Taking control of your mindset can be the path out of pandemic distress. Instead of feeling trapped, like a bird in a cage, with a different mindset you start to focus on the things you can control, think of the things you can do, and feel freer. This blog focuses on how to develop the mindset to cope with COVID lockdown.
What allows some of us to cope with the demands of a COVID lockdown better than others? We’re all trying our best to navigate unfamiliar territory and manage uncomfortable feelings and uncertainty. Some people have experienced extra hardships losing loved ones, jobs, and being separated from family. Working from home, whilst it suits some people, puts pressure on individuals, families and relationships.
Studies show that people are more distressed during COVID restrictions. Young people in particular experience greater levels of psychological distress during restrictions. Stress and living alone add to people’s psychological distress during restrictions and lockdowns[i].
The loss of familiar routines has affected people’s ability to cope with the demands of a COVID lockdown. Daily routines help people cope with stress, manage anxiety and ward off depression. With the COVID situation continuing, many people are feeling lost, fearful and directionless. Many are experiencing ‘lockdown fatigue’[ii].
The Australian Psychological Society describes this ‘a state of exhaustion caused by the long-term effects of COVID-19 and the changes it has caused to every aspect of your life.’ Symptoms include feeling irritable, frustrated, angry, sad, anxious and fearful, un-motivated and exhausted. It is important to support each other and reach out for services and support when we need it.
To be mentally prepared for the uncertainty of the situation, we need to develop the skills, strengths and mindset to cope with COVID lockdown. Looking after your mental and physical wellbeing has never been so important as it is in COVID lockdown.
What is mindset?
Mindset is a set of beliefs and attitudes that you use to make sense of the world and yourself. How you think about things influences how you feel and what actions you will take.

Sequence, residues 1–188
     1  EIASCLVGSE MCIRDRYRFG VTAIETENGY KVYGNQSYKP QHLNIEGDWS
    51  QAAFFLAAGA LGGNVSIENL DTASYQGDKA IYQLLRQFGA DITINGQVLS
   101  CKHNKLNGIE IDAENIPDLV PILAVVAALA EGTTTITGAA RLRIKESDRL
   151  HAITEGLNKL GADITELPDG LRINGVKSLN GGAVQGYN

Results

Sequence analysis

Mindset is learnt as a child and reinforced in significant moments. For instance, we all have particular mindsets about achievement, success and our own capabilities. If we’ve had good experiences with learning, we may view our progress as success. We may have developed a love of learning and view feedback or criticism as an opportunity to improve and develop our skills.
However, if we’ve learnt to view mistakes or setbacks as failure, we may avoid a challenge or limit ourselves through not stretching ourselves for fear of failure. These are two different types of mindsets, first coined by Stanford University psychologist, Professor Carol Dweck in children she taught: a Growth Mindset versus a Fixed Mindset.[iii]
Growth Mindset or Fixed Mindset
The Growth Mindset is based on the belief that you can grow and develop your intelligence and abilities and personal qualities through your efforts and experiences. According to Dweck, this belief creates a passion for learning, a passion for stretching and challenging yourself, and for persevering when the going gets tough.
By contrast, the Fixed Mindset is based on the belief that your abilities, intelligence and personal qualities are fixed. You’re either good at something (have the talent or ability) or not. According to Dweck, this generates an urgency to keep on proving yourself time after time and to cover up any perceived deficiencies.
People with this mindset tend to favour tasks that they know how to do well, instead of ones that will stretch them. They may take mistakes and setbacks personally and view themselves as failures. Making an effort may sometimes seem too risky or hard.
In coping with COVID lockdown, a Growth Mindset will allow you to tackle the problems as they emerge and develop your strengths, skills and resilience.